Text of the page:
“I’ve dreamed about this for years,” he said wryly. “I can’t tell you how many times I wished that I had you in this position. I thought to myself that when you said you were leaving I should have dragged you across my knee and spanked some sense into you. But. . . I can’t, Alan. Not now. Not like this.”

I raised myself up to look at him.

“I think we should go to bed. No, not together,” he added, as I raised a startled eyebrow. “We’re both – emotional. You need time to think. I need time to think. If you still feel this way in the morning, then we’ll see.”

I felt – I don’t know what I felt. Ashamed, a bit. Excited, a bit. Confused, very.

He leaned forward and kissed me, quite chastely, on the cheek. “And drink some water before you go to bed – I take it the water here is drinkable?”

“Oh yes. Yes, quite safe.” And hearing that admonition reminded me of Gordy. He used to nag me to drink water after I’d been hammering the booze, too. It was – reassuring.

Only when I was alone, in the darkness of my bedroom, did I start to wonder what I was doing. Was I mad? Was this really what I wanted, or was it just the attraction of something, someone familiar?

Did I sleep well? Did I heck.

In the morning I popped down to the village bakery very early to get fresh bread. When I got back Brian was up and dressed.

“Oh hi, did you sleep all right? Sorry, that bed isn’t wonderful. I just went to get some bread. And there’s fresh orange juice, and I could cook some eggs if you’re very hungry. . .” my babble slowly ran out as he looked at me in silence, and held out a hand. I put the bread down, and took the offered hand as he led me into the living room.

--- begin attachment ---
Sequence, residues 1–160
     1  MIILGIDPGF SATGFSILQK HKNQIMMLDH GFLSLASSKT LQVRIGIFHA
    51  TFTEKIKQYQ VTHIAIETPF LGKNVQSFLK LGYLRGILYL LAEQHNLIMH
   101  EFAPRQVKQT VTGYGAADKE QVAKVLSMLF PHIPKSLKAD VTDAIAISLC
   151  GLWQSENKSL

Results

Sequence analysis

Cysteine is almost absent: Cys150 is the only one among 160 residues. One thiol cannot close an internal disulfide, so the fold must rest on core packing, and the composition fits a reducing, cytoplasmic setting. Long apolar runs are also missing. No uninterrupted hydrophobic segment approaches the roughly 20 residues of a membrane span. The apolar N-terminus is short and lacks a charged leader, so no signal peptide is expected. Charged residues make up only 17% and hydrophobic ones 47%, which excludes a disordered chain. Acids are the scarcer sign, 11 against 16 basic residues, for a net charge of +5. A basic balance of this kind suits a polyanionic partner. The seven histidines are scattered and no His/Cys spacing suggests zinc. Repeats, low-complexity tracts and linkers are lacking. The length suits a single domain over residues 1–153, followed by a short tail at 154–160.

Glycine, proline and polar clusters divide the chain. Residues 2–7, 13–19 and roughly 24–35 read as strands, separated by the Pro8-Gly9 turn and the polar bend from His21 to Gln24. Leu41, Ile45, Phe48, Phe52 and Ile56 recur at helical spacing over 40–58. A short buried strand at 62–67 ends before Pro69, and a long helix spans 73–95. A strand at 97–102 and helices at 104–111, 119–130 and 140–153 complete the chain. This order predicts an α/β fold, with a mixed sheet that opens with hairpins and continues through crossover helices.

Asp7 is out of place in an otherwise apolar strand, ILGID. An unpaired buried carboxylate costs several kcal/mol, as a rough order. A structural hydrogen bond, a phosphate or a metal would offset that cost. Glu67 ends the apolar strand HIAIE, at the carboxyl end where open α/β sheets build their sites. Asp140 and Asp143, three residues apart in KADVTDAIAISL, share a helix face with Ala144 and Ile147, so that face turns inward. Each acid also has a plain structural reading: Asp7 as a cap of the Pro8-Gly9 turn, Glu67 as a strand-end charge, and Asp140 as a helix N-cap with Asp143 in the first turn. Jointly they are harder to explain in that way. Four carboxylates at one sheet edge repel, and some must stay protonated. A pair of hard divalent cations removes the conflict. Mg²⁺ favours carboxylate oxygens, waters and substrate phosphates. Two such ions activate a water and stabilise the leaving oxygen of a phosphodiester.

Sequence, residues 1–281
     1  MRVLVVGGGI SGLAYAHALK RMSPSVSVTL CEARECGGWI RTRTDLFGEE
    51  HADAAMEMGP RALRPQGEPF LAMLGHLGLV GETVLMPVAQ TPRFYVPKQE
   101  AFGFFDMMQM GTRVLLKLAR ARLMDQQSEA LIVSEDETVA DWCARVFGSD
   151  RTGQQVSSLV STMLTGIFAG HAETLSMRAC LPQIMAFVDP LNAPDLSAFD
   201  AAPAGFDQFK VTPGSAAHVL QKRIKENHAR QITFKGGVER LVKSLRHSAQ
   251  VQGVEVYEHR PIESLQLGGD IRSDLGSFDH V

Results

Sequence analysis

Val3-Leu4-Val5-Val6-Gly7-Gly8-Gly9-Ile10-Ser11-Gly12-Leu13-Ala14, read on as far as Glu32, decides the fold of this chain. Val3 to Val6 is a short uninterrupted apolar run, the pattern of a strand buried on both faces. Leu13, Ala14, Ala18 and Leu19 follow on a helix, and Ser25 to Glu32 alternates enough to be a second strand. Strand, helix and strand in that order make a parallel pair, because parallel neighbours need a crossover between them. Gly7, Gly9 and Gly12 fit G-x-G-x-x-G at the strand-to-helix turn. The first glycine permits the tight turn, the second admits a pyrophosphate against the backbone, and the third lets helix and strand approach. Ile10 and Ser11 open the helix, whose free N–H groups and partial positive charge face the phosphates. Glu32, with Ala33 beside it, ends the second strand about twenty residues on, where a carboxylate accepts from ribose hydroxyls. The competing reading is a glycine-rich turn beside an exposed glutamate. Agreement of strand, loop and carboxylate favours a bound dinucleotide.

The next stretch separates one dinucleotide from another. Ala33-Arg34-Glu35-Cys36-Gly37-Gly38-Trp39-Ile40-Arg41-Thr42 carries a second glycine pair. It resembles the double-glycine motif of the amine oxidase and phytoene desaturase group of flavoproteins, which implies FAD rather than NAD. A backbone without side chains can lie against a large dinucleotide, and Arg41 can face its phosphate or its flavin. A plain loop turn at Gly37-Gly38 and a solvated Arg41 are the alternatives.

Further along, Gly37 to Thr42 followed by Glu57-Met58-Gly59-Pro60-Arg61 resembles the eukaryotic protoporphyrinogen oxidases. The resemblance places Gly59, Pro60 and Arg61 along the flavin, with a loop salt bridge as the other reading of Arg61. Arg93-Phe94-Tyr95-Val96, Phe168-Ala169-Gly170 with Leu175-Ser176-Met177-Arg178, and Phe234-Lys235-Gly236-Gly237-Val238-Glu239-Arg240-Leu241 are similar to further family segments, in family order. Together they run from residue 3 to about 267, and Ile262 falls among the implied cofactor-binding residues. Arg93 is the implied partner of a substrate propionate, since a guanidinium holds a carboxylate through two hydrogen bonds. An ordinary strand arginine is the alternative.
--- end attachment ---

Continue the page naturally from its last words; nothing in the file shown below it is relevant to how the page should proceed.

I took a deep breath.

“You know, when I first lived with Gordy, I was wildly jealous of you?”

He raised an eyebrow.

“I saw how much he cared about you. You had all these stories, all these people you both knew. I felt excluded. I felt afraid, afraid that it was really you that he loved. When I said that to him he said to me: ‘Aren’t I a big enough man to love you both? Love isn’t a way of excluding people, Alan. Yes, I love Brian. But that doesn’t diminish my love for you, anymore than your love of your parents diminishes what you feel for me.’”

He smiled. “That sounds like Gordy. But I was jealous too, you know? Gordy had always been my best friend, the one I shared everything with. And then suddenly he had you. When I first met you, and you behaved like such a pissy little queen it was easy to tell myself that I didn’t like you, that Gordy deserved someone better. It took me quite a long while to admit that what I felt for you wasn’t dislike but lust. Gordy always did have good taste in men.”

“I never knew. I never had an inkling.”

“You and Gordy only ever had eyes for each other. If I wanted to keep my friend I had to learn to live with you. And your manners did improve after a bit.”

“They were improved for me. Painfully frequently. With a paddle.”

He grinned. “That horrible wooden one? Bastard, isn’t it? I brought it back from the States after you’d been particularly annoying and suggested he use it on you. I didn’t realise he’d taken my advice so much to heart.” I stuck my tongue out at him, and he carried on. “After a while, I came to realise that I didn’t lust after you any more. That my feelings had become more complicated. That I had come to know Alan the man, and that I could love him. That was a very hard time.”

I reached out, took his hand, gave it a quick squeeze. “Poor Brian. I – it must have been very difficult.”

“It was. That was when I was doing a lot of travelling – deliberately taking the stories that involved getting away.” He had been working for the BBC at the time. “Being close – was uncomfortable. Bearable, but uncomfortable.”